As we move on the graph of a function from left to right (which corresponds to the increase in the argument $x$) if the graph constantly moves upwards, we say that the function is* increasing* (Figure 1(a)), and if the graph constantly moves downward, we say that the function is *decreasing* (Figure 1(b)).

**Definition:**Let $f(x)$ be defined on an interval $I$.

- We say $f(x)$ is
**increasing**on $I$, if for every pair of points $x_{1},x_{2}$ in $I$ satisfying the condition $x_{1}<x_{2}$, we have $f(x_{1})<f(x_{2})$. - We say $f(x)$ is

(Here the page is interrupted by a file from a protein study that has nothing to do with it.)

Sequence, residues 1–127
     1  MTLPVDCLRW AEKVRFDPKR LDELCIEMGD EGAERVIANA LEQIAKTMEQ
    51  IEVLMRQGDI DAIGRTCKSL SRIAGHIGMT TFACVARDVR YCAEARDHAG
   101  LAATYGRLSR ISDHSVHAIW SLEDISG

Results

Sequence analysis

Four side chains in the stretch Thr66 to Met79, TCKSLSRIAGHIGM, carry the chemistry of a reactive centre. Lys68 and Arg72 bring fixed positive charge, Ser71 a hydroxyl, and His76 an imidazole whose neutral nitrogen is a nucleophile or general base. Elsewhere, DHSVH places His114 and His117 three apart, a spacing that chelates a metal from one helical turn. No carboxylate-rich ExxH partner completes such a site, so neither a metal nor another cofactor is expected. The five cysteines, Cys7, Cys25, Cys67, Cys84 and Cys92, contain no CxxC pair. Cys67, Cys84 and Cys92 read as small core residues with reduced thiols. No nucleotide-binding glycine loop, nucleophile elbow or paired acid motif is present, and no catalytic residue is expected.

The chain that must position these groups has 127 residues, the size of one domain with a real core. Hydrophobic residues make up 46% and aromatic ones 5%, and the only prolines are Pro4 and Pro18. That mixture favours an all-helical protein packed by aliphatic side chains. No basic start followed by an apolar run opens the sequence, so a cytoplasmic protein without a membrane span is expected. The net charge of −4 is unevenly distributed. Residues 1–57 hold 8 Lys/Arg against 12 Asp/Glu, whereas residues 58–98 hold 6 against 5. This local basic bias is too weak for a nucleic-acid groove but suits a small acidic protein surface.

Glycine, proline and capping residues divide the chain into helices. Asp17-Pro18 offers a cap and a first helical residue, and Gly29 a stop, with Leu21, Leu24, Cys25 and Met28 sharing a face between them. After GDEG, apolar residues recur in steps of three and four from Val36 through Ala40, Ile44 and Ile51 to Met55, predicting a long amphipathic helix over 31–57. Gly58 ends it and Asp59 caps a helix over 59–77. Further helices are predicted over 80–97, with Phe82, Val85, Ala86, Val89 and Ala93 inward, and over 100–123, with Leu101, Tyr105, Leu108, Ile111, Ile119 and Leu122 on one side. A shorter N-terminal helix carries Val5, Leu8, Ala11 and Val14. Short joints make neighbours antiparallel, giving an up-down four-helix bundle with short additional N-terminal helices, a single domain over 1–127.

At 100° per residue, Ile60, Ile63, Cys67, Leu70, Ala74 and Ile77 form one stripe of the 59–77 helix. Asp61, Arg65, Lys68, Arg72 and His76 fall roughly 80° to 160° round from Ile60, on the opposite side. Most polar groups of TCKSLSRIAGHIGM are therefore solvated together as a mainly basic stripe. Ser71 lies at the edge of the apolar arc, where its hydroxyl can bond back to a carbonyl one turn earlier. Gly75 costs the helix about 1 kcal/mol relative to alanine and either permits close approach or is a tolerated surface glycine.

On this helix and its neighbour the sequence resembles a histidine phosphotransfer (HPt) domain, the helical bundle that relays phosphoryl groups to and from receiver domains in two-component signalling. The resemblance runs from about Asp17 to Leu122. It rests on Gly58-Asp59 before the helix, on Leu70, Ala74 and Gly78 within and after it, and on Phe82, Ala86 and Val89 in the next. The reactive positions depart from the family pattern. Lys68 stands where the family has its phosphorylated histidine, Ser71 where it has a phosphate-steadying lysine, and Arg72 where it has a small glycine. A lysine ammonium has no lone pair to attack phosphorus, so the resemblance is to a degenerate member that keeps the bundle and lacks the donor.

**decreasing**on $I$, if for every pair of points $x_{1},x_{2}$ in $I$ satisfying the condition $x_{1}<x_{2}$, we have $f(x_{1})>f(x_{2})$.

- Note that $I$ can be finite (or bounded) or infinite (unbounded).
- An interval on which the function is increasing is called an
**interval****of increase**of a function while an interval on which the function is decreasing is called an**interval of decrease**. - A function that is either increasing or decreasing on an interval is said to be
**monotonic**on the interval.

For example, $f(x)=x^{2}$ is decreasing on $(-\infty,0]$ and is increasing on $[0,\infty)$ (Figure 2(a)). The function $g(x)=x^{3}$ is increasing on $(-\infty,\infty)$ (Figure 2(b)).